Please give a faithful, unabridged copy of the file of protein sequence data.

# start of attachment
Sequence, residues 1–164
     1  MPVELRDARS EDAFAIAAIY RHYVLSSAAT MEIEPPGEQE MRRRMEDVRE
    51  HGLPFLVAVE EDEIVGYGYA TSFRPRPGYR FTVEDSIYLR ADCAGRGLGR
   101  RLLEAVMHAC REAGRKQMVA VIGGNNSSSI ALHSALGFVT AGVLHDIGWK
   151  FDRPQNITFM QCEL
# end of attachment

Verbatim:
Sequence, residues 1–164
     1  MPVELRDARS EDAFAIAAIY RHYVLSSAAT MEIEPPGEQE MRRRMEDVRE
    51  HGLPFLVAVE EDEIVGYGYA TSFRPRPGYR FTVEDSIYLR ADCAGRGLGR
   101  RLLEAVMHAC REAGRKQMVA VIGGNNSSSI ALHSALGFVT AGVLHDIGWK
   151  FDRPQNITFM QCEL